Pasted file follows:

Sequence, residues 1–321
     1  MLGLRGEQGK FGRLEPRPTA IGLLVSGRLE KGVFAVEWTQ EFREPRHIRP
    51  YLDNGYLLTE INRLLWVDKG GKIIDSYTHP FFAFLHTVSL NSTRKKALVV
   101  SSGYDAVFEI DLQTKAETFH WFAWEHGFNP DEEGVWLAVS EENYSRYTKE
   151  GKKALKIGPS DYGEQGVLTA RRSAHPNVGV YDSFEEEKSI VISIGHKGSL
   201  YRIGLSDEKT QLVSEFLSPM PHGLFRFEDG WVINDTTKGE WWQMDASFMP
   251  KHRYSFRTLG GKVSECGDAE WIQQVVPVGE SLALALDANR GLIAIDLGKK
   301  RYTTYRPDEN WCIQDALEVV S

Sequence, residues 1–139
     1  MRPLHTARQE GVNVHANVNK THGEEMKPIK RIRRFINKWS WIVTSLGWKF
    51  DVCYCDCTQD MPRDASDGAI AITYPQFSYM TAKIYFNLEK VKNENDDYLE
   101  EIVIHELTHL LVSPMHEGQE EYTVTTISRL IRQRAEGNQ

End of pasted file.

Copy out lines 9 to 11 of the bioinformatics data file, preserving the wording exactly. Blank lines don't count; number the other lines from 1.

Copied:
Sequence, residues 1–139
     1  MRPLHTARQE GVNVHANVNK THGEEMKPIK RIRRFINKWS WIVTSLGWKF
    51  DVCYCDCTQD MPRDASDGAI AITYPQFSYM TAKIYFNLEK VKNENDDYLE